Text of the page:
SoCalGas has agreed to pay up to $1.8 billion in settlement for the Aliso Canyon gas leak
Released Images by the Environmental Defense Fund (EDF) showed methane gas leaking from the Southern California gas facility near the Porter Ranch area of Los Angeles for over 110 days.
By the time SoCalGas was able to plug the blowout, some hundred plus days later, it had become the largest methane leak in U.S. history, as reported by the LA Times.
“Albeit, a victory, for our clients and an end to this lengthy legal drama between our clients against So. Cal Gas and its parent company, Sempra Energy, our clients are happy to put this behind them,” Exclaimed Matthew Nezhad, Founder and Lead Counsel of Oaks Law Firm, a California law firm representing many residents.
Now, six (6) years since the dangerous fumes spewed from a natural gas storage well in the San Fernando Valley, affecting the homes and sickening thousands with headaches, nosebleeds and nausea, the gas company eventually agreed to settle the claims brought by those affected for 1.8 Billion dollars.
Thankfully, as part of the Settlement, the settlement costs wouldn’t pass on to customers, the utility company has assured.
Attorney, Matthew Nezhad, lead counsel for the firm said, “there were failures that could’ve been avoided, causing the residents to suffer for years. We’re just thankful that we did our best, under the circumstances, to obtain favorable compensation for our clients and are extremely happy that they will get to close this chapter of their lives and move on…”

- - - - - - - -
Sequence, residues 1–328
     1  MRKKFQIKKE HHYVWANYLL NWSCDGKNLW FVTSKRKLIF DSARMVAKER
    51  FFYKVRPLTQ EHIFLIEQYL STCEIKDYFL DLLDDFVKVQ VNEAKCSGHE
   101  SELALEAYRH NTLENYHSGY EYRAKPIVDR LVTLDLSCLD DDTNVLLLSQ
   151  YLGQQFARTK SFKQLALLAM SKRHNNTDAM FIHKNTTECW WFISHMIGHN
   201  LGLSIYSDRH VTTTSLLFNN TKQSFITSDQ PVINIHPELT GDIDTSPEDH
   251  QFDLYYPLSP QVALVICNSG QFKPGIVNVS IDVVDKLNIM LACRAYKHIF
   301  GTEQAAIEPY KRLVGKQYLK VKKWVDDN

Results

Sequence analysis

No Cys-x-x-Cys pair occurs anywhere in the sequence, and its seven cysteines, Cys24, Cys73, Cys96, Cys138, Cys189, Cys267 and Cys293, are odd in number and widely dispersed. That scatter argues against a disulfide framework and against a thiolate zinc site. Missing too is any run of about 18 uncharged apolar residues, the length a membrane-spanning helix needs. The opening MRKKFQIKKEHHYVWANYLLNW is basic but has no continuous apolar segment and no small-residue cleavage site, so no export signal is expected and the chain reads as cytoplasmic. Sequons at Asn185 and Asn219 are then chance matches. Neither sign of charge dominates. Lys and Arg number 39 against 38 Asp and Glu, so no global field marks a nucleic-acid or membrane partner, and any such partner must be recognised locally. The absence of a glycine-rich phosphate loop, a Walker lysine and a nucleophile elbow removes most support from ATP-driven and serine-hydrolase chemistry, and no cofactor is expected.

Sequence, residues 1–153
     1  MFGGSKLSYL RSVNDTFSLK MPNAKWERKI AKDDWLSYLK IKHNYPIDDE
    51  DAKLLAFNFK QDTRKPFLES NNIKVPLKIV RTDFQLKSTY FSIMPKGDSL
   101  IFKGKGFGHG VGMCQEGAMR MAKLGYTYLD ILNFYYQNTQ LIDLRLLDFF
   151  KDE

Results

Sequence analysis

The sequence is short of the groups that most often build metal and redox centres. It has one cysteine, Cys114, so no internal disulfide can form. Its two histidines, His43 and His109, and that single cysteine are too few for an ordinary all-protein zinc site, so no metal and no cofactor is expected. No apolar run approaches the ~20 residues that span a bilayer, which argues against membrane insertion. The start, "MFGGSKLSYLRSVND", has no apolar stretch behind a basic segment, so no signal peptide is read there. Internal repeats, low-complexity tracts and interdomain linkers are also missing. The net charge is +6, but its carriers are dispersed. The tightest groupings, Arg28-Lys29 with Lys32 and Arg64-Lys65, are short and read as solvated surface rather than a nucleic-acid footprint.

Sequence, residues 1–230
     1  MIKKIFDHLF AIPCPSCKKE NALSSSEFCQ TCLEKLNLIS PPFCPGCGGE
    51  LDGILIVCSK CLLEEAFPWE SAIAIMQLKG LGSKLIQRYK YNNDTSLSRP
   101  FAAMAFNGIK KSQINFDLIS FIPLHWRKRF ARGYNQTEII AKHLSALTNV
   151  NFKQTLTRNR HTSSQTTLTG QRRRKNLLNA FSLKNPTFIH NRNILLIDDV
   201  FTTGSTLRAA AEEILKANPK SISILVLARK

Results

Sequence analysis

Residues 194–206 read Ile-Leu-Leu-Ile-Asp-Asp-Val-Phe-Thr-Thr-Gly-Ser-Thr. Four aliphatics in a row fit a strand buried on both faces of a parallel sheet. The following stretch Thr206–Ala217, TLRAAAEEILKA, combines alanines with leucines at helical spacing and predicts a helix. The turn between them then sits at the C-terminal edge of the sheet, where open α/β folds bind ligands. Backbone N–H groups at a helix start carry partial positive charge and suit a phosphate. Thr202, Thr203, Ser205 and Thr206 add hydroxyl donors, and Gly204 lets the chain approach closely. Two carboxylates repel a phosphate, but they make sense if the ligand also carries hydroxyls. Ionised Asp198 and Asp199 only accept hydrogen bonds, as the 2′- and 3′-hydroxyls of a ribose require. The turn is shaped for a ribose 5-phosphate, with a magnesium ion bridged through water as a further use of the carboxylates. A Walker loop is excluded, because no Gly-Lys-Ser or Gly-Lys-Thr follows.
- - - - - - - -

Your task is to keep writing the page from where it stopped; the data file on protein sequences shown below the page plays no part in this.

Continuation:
Christine Katz, one of the plaintiffs, said she was very pleased with the settlement. “It seems like a dream to me, I’m ecstatic,” Katz said. “It’s a chapter in my life that I am finally able to start to close and move on.”
Katz and some of the other residents, now living in other areas of the city, said they had to sell their Porter Ranch homes because of the disaster.
The gas leak and blowout in 2015 was determined to be one of the nation’s worst environmental disasters, similar to the Deepwater Horizon spill in the Gulf of Mexico. The Porter Ranch gas leak disaster has forced California lawmakers to rethink he state’s reliance on fossil fuels and the risks they pose.
An independent environmental company, Blade Energy Partners, found that the company did not investigate the previous ruptures at the facility and didn’t properly assess its wells for disaster before the October 2015, blowout and should’ve been able to plug it sooner.
Gov. Gavin Newsom, through the California Public Utilities Commission, has sought to accelerate the permanent shutdown of the Aliso Canyon facility.
Alexandra Nagy, California director for the environmental group Food & Water Watch, said the settlement faces “a lot of healthy skepticism” in the community over whether the amount will cover the costs, including medical bills and lost business.
Although, So Cal Gas was cleared to resume storing gas at the facility in 2017, it has been doing so at reduced pressure, per their spokesperson “providing an additional margin of safety.”
So Cal Gas and its Parent company have indicated that other safety measures have been put in place, such as using casings around the inner steel tubing to provide a secondary, physical barrier; there are checks on all wells with advanced inspection tools and pressure testing; pressure monitoring of all wells by a 24-hour operations center; and a methane leak detection system has been installed.
All in all most of the people interviewed have expressed relief that this ordeal is finally over.